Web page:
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How does watching a series continuously affect our brains?

BingMag.com <b>How</b> <b>does</b> <b>watching</b> a <b>series</b> <b>continuously</b> <b>affect</b> <b>our</b> brains?

Do you plan to watch all the remaining episodes of "This Is Us" in a row over the weekend? So it's a good idea to read the text below.

After a long day at work, you sit in front of the TV and decide to start a new series that everyone is talking about. Now we cut to midnight. You've seen half of season one and you want to see another part, even if it ends at the cost of insomnia at work tomorrow.

The truth is, we've all been involved. Thanks to online streaming platforms like Netflix and Hulu, we have access to hundreds of TV show options that we can watch all at once, and the monthly cost is less than buying a latte for a week. It doesn't get any better than this, does it?

  • How do you cope with the grief of the series you loved? . According to a survey by the US Bureau of Labor Statistics, an average American spends about 2.7 hours a day watching television, for a total of 20 hours a week.

    A Netflix survey with The topic of watching non-stop online platforms showed that 61% of users usually watch between 2 and 6 episodes of a series at a time. A newer study found that most Netflix users prefer to watch a series one after the other, little by little. They finish an entire season in an average of a week (series that fall into the sci-fi, horror, and thriller categories are more likely to be watched non-stop).

    According to the latest polls, 361,000 people watched all 9 episodes of Season 2 of "Stranger Things" on the first day of release.

    Of course, if it didn't feel good we wouldn't do it. A Netflix poll also found that 73 percent of respondents reported positive emotions about watching a series in a row. But if you spent the last weekend watching the full season of "Strange Things," you may be tired and completely depressed at the end of it because the episodes are gone.

    BingMag.com <b>How</b> <b>does</b> <b>watching</b> a <b>series</b> <b>continuously</b> <b>affect</b> <b>our</b> brains?

    There are many reasons why watching a series over and over again makes us so excited, and of course, in the end, while we spend all our emotions. We serialized, he leaves. Here's a look at what happens to our brains while watching a marathon series, and offers a way to reasonably watch the series. Dr. Ren Kar, a psychologist and clinical psychologist, believes that this is due to the chemicals that are released in our brains. "When you engage in enjoyable activities, such as watching a series non-stop, your brain produces dopamine," he explains. "This chemical gives the body a sense of natural reward and inner pleasure, which encourages us to continue that activity, and we constantly feel that it feels good, we must continue to do so." While watching your favorite series, your brain constantly produces dopamine and your body experiences a good state similar to drug use. You experience a nightmare of addiction because you are constantly craving dopamine. Other types of addiction occur. "The neural pathways that lead to heroin addiction are like the addiction to watching a series non-stop," explains Dr. Carr. In fact, your body does not discriminate against pleasure and can become addicted to any activity or substance that continuously produces dopamine.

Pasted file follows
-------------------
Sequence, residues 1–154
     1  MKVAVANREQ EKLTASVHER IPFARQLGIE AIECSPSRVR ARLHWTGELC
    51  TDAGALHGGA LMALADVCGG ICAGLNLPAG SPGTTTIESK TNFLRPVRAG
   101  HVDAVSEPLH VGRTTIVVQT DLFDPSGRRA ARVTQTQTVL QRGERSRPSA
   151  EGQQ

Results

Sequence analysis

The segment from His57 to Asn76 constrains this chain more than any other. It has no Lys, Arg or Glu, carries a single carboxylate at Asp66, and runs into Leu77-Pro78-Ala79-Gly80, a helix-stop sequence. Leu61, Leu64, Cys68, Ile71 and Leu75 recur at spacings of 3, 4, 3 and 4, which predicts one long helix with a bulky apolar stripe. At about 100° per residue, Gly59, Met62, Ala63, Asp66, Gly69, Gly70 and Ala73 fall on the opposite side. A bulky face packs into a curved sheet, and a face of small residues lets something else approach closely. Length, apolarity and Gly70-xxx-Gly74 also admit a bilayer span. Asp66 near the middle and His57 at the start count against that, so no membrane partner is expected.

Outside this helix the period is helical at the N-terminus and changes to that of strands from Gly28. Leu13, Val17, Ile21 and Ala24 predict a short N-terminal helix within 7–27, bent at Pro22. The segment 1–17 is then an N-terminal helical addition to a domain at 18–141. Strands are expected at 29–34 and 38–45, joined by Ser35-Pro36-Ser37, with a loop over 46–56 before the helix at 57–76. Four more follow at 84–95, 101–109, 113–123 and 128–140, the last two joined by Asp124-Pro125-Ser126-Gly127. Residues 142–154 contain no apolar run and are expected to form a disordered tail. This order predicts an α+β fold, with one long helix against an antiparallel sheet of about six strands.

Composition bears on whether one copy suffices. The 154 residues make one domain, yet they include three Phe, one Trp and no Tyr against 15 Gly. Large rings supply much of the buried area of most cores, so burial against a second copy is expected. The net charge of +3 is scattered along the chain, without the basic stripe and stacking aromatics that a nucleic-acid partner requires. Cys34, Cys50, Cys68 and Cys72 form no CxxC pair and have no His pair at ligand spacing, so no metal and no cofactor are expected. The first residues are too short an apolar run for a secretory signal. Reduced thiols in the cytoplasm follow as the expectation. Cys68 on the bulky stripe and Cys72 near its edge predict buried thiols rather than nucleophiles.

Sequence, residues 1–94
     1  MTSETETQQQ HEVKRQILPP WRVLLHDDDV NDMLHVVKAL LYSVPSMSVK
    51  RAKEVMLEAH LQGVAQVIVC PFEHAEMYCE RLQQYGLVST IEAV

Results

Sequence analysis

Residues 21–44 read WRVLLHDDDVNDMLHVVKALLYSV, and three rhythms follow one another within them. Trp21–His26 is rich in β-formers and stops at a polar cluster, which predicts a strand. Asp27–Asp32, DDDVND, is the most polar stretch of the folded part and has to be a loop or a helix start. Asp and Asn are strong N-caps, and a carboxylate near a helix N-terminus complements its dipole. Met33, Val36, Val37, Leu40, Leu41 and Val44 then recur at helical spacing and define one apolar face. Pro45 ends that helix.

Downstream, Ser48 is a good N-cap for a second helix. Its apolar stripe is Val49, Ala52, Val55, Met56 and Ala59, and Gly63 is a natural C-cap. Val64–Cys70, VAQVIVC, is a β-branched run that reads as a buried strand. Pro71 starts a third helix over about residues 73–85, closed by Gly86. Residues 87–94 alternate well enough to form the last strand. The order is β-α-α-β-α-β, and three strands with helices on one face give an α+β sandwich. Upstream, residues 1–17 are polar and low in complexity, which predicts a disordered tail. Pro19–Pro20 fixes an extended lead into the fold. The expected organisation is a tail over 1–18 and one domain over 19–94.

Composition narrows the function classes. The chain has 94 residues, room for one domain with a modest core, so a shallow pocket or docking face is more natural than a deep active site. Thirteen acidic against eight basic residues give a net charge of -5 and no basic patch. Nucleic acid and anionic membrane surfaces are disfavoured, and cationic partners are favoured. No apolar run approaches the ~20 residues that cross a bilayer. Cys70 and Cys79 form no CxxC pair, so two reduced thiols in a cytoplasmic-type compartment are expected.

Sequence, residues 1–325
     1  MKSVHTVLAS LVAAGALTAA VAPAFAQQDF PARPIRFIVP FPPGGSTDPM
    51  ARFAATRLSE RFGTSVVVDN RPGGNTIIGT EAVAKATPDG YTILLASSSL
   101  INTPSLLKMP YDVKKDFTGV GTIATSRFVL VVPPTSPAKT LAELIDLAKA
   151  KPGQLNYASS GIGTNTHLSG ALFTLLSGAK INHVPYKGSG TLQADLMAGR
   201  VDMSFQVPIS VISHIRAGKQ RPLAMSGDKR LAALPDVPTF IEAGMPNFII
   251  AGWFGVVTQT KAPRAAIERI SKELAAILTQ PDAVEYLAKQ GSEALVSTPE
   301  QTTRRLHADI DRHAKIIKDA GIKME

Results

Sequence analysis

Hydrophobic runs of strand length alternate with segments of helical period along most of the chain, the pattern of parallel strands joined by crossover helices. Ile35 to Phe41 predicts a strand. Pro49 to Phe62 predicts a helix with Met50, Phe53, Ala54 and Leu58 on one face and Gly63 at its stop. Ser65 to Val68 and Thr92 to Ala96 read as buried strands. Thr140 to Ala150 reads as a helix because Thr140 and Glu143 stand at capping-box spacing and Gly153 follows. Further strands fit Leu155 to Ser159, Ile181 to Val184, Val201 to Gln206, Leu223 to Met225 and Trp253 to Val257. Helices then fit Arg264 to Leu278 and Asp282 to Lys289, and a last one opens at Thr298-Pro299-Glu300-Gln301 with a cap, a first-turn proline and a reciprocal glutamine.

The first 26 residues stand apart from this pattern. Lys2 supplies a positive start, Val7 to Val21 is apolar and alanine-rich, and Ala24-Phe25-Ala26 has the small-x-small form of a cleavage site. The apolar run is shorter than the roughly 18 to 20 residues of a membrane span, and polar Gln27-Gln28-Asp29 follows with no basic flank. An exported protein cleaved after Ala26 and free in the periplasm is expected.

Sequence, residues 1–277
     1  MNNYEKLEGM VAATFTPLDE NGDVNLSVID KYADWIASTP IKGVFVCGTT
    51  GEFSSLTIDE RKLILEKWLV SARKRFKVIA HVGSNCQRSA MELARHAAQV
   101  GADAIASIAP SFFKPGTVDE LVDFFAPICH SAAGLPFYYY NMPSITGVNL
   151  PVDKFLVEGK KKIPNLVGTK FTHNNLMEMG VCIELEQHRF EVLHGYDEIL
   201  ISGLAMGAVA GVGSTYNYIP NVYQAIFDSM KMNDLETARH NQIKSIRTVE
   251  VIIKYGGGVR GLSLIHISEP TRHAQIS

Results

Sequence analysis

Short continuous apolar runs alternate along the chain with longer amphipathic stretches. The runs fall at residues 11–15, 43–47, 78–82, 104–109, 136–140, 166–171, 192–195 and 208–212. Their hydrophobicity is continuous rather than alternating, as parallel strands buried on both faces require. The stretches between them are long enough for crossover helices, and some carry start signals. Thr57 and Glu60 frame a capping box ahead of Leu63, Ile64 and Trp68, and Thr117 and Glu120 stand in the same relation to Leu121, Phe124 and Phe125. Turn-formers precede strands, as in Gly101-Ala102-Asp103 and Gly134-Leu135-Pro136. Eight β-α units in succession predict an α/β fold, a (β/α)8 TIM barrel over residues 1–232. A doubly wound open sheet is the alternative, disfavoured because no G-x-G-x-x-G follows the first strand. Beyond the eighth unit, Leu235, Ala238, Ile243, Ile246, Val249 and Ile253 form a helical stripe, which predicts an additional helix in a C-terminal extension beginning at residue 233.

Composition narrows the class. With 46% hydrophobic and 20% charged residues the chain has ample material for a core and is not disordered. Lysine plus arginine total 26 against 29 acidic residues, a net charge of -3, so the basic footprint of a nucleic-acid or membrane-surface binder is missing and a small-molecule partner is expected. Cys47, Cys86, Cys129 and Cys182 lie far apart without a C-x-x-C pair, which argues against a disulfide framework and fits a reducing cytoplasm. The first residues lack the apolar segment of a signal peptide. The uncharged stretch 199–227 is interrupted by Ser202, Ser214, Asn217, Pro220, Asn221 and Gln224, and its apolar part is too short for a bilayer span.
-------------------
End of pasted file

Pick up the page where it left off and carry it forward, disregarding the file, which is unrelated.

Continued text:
• How did Hollywood lose the competition to Netflix?

    The reason for watching a series in a row is to spend time in the lives of the characters portrayed in a series. "Our brains encode all experiences as 'real' memories," explains Guyana Deseliva, a psychiatrist at the Laguna Family Health Center in California. Whether it's on TV, a real experience, a book or an idea. So while watching a TV show, areas of the brain are activated that are alive during the event. "We get drawn to the storyline, we become attached to the characters, and we really care about the consequences of their problems." That character explains, which ultimately makes us watch a series non-stop.

    He explains: "Identity occurs when we see a character in the series who looks like us." For example, the "Modern Family" provides an identity for an adopted child or a girl whose father marries a woman much younger than himself. This series is very popular, because of the many characters it has for empathy. "All in all" is where the plot and characters provide an opportunity to fantasize and immerse themselves in the world the viewer aspires to live in, such as "Gossip Girl" or "America's Got Talent." ).

    Empathy with power, credibility and success also makes watching a series enjoyable. "Trans-social interaction" is a one-way relationship in which the viewer feels a close relationship with an actor or character on a television program without receiving that feeling from the other party.

    If you have ever come to your senses And you've seen that you're thinking that you and your favorite character will be good friends in real life, you've probably experienced this kind of conflict. Another type of engagement with the characters is "perceived similarity", where we enjoy the "I know what it feels like" experience because it is familiar to us and may also allow the viewer to see a person's quality of life in the story. Have more fun. For example, if you are a strong, independent woman, you will be drawn to series starring a strong woman because you often take on that role at work or in your social groups.

    Watch a series non-stop Can Reduce Stress

    BingMag.com <b>How</b> <b>does</b> <b>watching</b> a <b>series</b> <b>continuously</b> <b>affect</b> <b>our</b> brains?